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I'm being confused by the use of firmware in the context of Linux.

My understanding of firmware & driver is that firmware is the code that runs on the bare metal of a device such as a Bluetooth IC, or keyboard controller, or video card, or a single-purpose micro-controller. The firmware exposes an interface for the OS to use its services.

The driver, in comparison, is the software that the kernel uses to communicate with previously mentioned interfaces provided by the firmware. Thus, a video driver, a keyboard driver, a bluetooth radio driver.

So why is it that I keep reading about Linux firmware files having to be installed (e.g. here). Do these get uploaded into the hardware? Are these files used by the kernel? What is the meaning of firmware in this context?

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    Generally speaking: Software is a program. Hardware is a physical device. Firmware is a program integrated into hardware; typically for the purposes of configuring how the hardware works (so it is sort of between software and hardware, just as 'firm' is between 'soft' and 'hard' on a scale of bluntless). Generally, firmware is OS-agnostic (for example, the RAID configuration on an SCSI RAID controller). – DopeGhoti Apr 19 '17 at 17:27
  • Just to add to DopeGhoti's comment, many devices now allow live firmware loading making them more flexible/evolutive than fixed implementations. – Julie Pelletier Apr 19 '17 at 17:37
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    @DopeGhoti it doesn’t just configure the hardware, it runs on the hardware. Some firmware is very complex indeed and basically runs a mini-OS. – Stephen Kitt Apr 19 '17 at 17:53
  • I agree, though I would assert that "software integrated into hardware" implies that the hardware is that upon which said software runs. (: – DopeGhoti Apr 19 '17 at 18:20
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In the Linux kernel context, firmware is software which runs on another processor in the system, e.g. a wireless controller, a GPU, a SCSI controller... This software used to be stored in ROM (of various types) attached to the relevant controller, but to reduce costs and make upgrades simpler, controllers now tend to rely on the host operating system to load their firmware for them.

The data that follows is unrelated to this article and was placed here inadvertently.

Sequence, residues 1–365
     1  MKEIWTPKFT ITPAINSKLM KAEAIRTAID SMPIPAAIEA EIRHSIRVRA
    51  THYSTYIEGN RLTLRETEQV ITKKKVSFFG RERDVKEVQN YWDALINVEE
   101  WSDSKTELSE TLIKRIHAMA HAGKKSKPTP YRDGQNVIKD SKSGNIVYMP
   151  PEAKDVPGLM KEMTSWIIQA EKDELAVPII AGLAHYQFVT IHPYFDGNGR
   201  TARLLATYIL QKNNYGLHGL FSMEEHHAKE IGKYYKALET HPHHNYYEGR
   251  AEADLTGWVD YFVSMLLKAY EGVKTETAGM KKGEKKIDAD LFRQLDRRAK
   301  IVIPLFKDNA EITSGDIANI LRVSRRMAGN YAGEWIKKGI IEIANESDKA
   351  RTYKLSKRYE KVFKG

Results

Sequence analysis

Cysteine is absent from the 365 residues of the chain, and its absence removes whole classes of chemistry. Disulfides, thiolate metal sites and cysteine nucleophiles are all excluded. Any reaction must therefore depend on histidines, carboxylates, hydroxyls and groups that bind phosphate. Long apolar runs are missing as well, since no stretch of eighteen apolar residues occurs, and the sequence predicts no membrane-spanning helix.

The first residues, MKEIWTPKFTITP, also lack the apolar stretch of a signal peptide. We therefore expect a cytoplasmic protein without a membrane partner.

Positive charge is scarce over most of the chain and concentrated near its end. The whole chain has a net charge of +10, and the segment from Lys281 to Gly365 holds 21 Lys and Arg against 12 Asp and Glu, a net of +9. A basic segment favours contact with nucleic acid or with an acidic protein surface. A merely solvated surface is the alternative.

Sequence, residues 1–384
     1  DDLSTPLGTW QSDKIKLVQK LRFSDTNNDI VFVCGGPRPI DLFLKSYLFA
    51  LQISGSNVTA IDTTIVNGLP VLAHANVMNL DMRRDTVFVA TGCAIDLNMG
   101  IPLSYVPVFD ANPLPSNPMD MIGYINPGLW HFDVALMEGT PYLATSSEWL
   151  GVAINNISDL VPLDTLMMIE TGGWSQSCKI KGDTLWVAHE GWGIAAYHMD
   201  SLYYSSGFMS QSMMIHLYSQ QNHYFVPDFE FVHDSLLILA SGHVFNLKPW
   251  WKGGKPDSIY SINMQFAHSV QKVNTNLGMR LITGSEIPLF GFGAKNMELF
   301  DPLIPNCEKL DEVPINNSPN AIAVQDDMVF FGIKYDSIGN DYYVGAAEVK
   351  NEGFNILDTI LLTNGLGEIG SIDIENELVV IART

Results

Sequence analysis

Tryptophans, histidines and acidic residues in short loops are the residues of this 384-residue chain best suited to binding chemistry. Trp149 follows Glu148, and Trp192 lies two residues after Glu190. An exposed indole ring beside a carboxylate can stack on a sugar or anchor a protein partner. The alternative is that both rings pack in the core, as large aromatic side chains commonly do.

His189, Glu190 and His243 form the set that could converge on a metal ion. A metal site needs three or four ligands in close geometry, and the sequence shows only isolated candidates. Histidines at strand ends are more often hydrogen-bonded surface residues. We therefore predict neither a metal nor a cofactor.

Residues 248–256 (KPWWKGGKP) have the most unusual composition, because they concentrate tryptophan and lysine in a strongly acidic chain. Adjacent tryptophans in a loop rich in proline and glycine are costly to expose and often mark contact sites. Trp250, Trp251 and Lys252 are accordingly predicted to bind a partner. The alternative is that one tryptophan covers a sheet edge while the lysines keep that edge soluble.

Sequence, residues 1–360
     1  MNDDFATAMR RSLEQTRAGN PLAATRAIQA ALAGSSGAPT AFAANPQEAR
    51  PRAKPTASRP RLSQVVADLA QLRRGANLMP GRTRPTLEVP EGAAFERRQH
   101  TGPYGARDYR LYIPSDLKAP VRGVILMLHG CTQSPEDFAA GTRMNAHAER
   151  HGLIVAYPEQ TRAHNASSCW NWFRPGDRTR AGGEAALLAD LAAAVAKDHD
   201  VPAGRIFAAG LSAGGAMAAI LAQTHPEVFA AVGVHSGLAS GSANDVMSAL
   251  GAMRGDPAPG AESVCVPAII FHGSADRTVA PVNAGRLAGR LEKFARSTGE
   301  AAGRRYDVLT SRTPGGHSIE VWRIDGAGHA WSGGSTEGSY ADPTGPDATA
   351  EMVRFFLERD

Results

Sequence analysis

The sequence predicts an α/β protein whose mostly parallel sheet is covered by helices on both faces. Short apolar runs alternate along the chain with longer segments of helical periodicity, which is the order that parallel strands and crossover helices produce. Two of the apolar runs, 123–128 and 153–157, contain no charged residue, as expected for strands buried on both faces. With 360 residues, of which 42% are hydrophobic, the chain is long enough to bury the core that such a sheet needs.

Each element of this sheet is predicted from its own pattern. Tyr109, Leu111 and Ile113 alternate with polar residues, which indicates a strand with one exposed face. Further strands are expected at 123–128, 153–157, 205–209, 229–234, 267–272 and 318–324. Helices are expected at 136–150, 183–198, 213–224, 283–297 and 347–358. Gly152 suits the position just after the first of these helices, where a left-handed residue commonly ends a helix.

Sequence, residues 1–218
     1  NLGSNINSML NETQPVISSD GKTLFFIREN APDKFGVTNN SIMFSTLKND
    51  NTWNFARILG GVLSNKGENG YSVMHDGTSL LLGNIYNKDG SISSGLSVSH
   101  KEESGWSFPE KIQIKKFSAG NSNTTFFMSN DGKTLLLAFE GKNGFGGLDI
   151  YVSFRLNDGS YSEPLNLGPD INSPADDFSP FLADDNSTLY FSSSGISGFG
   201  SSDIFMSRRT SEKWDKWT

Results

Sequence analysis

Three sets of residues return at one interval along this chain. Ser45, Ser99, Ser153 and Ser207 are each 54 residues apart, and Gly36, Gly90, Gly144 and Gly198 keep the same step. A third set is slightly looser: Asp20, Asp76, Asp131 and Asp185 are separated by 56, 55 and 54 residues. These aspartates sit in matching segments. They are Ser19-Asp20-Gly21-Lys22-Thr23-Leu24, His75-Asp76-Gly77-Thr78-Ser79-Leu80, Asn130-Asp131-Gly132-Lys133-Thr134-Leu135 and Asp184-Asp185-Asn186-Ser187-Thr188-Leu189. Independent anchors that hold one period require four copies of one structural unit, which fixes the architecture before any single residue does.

So firmware files aren’t used by the kernel, they’re loaded by the kernel onto other pieces of hardware. This is also what makes it vaguely acceptable to have software without source code in FLOSS systems: the argument goes that it’s not running on the main CPU but on another device.

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    You are being very benevolent with your use of "vaguely acceptable". – Rui F Ribeiro Apr 19 '17 at 20:01
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    Not everyone can be RMS. – DopeGhoti Apr 19 '17 at 20:37
  • That's not just in the Linux kernel context, it's a fairly general definition of “firmware” in the context of a multi-processor system. – Gilles Nov 27 '17 at 7:40
  • So does /etc/lib/firmwares actually contain firmwares and not drivers loaded by the kernel at boot? But wireless controller and graphic cards have their own ROM with a firmware burned by the manufacturer. – defalt Nov 27 '17 at 8:10
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    @defalt yes, /lib/firmware (singular, no /etc) contains firmware used by other devices. Many devices (including wireless controllers and GPUs) need firmware provided by the host system, even though they may have their own ROM (or flash) containing firmware. – Stephen Kitt Nov 27 '17 at 8:12

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